Demonstrations in Chemnitz, Germany Stroke Fears of Violent Nationalism


Eighteen people were injured this past Saturday following violent clashes between far-Right protestors and counter-protestors in Chemnitz, Germany. Around 4,500 members of the Alternative for Germany Party (AFP) and the anti-Islam Pegida took part in a march after two immigrants were arrested in relation to the murder of a German citizen. As asylum seekers flee to Germany, Far-right and neo-Nazi organizations like AFP have grown in popularity, raising concerns over a new wave of violent nationalism.

Over a million refugees have entered Germany since 2015, with the majority fleeing violent conflict in Syria, Afghanistan and Iraq. While the number of asylum seekers has dropped dramatically since 2016, a study by the University of Leipzig found that xenophobia and Islamophobia are still increasing among the German public. Over 40% of respondents stated that Muslims should be prevented from migrating, while only 13% believe that Islam belongs in Germany. As conservatism spreads, the country has seen a growth in violent attacks targeting migrant communities. Officials report over 420 physical attacks and 1,300 verbal attacks in 2016 alone.

Despite growing opposition, some public officials like Chancellor Angela Merkel and Foreign Minister Heiko Maas have continued to advocate for refugee communities, with the latter calling on Germans to “get up off the sofa and speak up” against the far-right and xenophobic crimes. Communities are also mobilizing in support of refugees, with Chemnitz residents organizing an anti-racism concert in response to recent far-right demonstrations.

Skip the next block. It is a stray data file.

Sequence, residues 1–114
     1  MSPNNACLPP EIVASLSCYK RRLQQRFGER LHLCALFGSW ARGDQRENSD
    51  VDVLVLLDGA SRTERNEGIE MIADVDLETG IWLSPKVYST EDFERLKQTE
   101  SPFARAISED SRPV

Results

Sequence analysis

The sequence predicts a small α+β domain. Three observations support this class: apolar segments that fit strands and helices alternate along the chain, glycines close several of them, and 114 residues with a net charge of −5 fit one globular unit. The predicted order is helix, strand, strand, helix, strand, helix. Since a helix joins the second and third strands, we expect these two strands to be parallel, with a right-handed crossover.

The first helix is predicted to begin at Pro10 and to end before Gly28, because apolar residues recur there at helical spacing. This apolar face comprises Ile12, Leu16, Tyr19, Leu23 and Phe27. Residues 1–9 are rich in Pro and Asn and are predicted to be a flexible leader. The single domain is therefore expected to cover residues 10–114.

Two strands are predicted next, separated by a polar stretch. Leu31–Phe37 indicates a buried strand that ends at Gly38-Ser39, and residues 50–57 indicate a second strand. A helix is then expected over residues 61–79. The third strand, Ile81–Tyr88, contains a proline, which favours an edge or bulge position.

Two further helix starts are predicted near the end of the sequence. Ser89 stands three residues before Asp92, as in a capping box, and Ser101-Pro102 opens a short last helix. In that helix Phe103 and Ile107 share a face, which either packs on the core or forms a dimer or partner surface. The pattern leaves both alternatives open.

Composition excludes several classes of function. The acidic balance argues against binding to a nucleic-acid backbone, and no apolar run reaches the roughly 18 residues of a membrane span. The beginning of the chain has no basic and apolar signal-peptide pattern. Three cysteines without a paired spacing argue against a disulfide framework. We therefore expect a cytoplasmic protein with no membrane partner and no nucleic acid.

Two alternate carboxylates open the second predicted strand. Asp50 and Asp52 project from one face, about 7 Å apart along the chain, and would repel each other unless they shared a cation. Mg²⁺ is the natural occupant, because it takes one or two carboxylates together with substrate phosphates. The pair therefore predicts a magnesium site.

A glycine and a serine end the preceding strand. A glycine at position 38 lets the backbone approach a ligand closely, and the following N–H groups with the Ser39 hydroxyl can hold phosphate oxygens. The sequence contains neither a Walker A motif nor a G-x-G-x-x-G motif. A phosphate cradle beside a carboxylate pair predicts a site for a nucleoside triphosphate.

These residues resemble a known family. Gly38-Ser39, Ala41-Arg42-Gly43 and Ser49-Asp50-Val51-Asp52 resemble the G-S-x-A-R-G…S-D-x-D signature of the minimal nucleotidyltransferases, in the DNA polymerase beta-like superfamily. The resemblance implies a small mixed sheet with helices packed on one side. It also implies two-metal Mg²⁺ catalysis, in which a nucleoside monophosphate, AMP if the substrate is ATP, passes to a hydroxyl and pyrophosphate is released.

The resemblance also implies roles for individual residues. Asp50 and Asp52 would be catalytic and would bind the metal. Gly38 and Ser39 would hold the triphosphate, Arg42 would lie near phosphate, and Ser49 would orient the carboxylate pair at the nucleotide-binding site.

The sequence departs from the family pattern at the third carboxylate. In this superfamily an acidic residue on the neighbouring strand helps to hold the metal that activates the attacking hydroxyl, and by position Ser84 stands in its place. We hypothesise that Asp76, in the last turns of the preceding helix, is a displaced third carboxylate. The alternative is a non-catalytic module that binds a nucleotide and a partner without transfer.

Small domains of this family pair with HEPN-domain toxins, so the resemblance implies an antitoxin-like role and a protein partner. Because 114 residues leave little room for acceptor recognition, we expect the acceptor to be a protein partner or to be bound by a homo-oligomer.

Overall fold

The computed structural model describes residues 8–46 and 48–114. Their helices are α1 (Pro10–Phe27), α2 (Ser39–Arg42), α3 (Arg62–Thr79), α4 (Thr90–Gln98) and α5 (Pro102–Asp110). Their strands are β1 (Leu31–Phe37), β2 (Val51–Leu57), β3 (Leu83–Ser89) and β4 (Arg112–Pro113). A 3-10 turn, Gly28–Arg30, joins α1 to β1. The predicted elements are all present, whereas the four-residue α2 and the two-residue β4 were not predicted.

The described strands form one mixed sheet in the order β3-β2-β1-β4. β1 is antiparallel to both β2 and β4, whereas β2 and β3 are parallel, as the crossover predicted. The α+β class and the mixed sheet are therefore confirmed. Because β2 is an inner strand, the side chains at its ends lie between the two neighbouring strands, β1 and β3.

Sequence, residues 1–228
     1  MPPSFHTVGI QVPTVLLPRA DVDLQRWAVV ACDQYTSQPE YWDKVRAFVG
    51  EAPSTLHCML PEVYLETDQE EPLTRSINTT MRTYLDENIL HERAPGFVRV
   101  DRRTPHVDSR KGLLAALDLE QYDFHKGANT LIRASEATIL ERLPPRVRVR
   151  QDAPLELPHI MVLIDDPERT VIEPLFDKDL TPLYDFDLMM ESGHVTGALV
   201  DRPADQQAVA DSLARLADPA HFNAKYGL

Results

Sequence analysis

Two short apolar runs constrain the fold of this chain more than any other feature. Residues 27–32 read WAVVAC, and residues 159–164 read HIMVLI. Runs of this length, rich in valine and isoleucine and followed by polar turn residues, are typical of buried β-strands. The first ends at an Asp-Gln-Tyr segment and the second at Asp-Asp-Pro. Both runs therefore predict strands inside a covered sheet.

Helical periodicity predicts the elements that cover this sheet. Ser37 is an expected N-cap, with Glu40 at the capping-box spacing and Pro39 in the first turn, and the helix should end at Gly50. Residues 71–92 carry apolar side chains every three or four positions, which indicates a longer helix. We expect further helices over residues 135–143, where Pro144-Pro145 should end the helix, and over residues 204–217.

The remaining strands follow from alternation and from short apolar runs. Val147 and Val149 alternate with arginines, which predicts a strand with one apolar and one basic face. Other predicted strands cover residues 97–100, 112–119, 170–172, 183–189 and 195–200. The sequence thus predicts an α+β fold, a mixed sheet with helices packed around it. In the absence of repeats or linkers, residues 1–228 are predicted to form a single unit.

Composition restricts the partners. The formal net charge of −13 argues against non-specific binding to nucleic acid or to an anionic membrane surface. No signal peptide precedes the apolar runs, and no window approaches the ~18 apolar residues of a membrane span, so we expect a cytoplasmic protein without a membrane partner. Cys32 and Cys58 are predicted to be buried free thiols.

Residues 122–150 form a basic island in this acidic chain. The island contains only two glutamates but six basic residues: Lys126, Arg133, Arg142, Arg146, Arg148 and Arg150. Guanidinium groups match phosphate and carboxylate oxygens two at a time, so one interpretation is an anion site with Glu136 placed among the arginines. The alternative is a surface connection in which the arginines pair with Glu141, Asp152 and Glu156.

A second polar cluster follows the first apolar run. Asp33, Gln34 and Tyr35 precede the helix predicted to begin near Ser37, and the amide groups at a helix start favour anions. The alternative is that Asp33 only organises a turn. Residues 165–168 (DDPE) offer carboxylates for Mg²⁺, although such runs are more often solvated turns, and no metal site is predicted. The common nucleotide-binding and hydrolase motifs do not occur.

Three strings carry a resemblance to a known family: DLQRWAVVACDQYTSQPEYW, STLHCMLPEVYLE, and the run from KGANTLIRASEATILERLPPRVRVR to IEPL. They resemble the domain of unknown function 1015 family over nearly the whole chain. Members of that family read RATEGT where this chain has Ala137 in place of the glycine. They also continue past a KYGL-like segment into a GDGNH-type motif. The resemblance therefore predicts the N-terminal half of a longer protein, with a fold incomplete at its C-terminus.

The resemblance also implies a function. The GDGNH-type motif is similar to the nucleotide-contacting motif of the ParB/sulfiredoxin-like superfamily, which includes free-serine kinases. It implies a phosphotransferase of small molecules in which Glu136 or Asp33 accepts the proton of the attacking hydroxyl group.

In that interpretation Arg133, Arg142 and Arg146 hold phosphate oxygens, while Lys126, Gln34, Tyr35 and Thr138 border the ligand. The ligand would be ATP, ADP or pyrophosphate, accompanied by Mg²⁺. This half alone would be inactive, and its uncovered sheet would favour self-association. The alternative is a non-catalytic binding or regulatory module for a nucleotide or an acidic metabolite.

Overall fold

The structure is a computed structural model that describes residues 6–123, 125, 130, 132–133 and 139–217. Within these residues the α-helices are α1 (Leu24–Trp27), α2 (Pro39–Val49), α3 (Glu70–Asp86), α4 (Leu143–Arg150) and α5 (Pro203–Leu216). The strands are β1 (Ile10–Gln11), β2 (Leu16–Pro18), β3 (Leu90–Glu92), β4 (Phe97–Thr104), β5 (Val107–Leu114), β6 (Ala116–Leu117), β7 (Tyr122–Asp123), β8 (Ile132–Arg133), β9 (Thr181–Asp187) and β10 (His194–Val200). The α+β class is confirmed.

The far-right’s propaganda exploits xenophobic tropes familiar to those in the US- they claim that migrants ruin the job market and that Islam is incompatible with German values. Visible support for migrant communities is thus important to combat the growing prevalence of conservative propaganda. It can also ease social pressures on refugees by assuring them that they are welcome in the country. However, alone, vocal support for immigration will not prevent the rise of populism. The German government must take more material steps to support migrant communities. This might look like providing access to welfare, translated documents/translators, and an easier path to citizenship, all of which are necessary for the refugee’s security and well-being. Additionally, Germany must put more resources towards prosecuting hate crimes, because, as several countries pointed out in Germany’s Universal Periodic Review, such crimes often go unpunished or otherwise unaddressed. Turning a blind eye not only denies justice for the victims, but also inevitably encourages future misconduct.

As the world enters a new globalized era, one marked in part by increased immigration, more countries will have to deal with changing racial demographics. Germany, initially one of the largest proponents of accepting refugees, is beginning to serve as an example to other countries considering their own immigration policy. Thus, it is even more crucial that German officials do all they can to ease emerging tensions and squash far-right groups before the pro-immigration tide turns both in their country and abroad.

Taja Hirata-Epstein

Taja is a junior at Brown University. She studies Political Science and is particularly interested in international relations and ethnic studies. Originally from Honolulu, Hawaii, Taja likes spending her free time in the water.

About Taja Hirata-Epstein

Taja is a junior at Brown University. She studies Political Science and is particularly interested in international relations and ethnic studies. Originally from Honolulu, Hawaii, Taja likes spending her free time in the water.